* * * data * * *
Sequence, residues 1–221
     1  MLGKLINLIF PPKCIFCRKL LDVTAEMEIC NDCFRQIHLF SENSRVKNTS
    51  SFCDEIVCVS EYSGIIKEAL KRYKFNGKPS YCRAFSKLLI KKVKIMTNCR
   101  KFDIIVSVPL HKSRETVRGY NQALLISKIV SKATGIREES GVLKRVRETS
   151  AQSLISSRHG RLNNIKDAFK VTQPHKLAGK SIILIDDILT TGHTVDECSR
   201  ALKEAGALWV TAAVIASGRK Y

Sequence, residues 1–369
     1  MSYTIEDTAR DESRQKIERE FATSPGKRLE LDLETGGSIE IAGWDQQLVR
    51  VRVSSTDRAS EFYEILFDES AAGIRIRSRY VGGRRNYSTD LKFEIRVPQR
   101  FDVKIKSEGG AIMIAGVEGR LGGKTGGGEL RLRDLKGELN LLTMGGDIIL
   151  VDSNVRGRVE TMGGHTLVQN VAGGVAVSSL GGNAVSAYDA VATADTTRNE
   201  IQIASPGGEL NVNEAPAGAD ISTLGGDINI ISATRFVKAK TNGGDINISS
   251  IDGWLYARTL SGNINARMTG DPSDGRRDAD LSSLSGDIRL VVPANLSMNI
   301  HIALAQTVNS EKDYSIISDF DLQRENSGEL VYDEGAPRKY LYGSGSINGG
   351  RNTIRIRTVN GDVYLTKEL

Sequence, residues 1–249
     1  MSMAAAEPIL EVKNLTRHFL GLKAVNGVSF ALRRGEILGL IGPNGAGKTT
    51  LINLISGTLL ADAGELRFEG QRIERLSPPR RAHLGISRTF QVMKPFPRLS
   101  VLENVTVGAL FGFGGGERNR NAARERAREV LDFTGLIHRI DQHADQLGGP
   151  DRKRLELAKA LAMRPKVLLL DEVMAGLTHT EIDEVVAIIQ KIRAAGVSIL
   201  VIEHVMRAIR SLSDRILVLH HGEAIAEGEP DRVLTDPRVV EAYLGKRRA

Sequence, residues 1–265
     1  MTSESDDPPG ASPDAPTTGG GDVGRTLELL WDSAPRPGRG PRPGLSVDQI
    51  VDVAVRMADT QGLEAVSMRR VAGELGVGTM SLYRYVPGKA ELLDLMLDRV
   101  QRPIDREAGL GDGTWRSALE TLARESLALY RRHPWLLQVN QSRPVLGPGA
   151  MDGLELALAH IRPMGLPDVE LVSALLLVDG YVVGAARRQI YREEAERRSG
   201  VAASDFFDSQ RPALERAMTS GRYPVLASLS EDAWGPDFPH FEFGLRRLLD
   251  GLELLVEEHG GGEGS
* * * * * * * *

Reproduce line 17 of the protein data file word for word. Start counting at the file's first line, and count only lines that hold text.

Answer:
     1  MSMAAAEPIL EVKNLTRHFL GLKAVNGVSF ALRRGEILGL IGPNGAGKTT